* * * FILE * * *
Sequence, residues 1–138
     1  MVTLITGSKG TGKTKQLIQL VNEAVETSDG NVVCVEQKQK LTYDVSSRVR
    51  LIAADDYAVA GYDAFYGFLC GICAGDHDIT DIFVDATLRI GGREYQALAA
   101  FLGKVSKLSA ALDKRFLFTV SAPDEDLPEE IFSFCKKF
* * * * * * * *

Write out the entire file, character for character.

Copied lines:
Sequence, residues 1–138
     1  MVTLITGSKG TGKTKQLIQL VNEAVETSDG NVVCVEQKQK LTYDVSSRVR
    51  LIAADDYAVA GYDAFYGFLC GICAGDHDIT DIFVDATLRI GGREYQALAA
   101  FLGKVSKLSA ALDKRFLFTV SAPDEDLPEE IFSFCKKF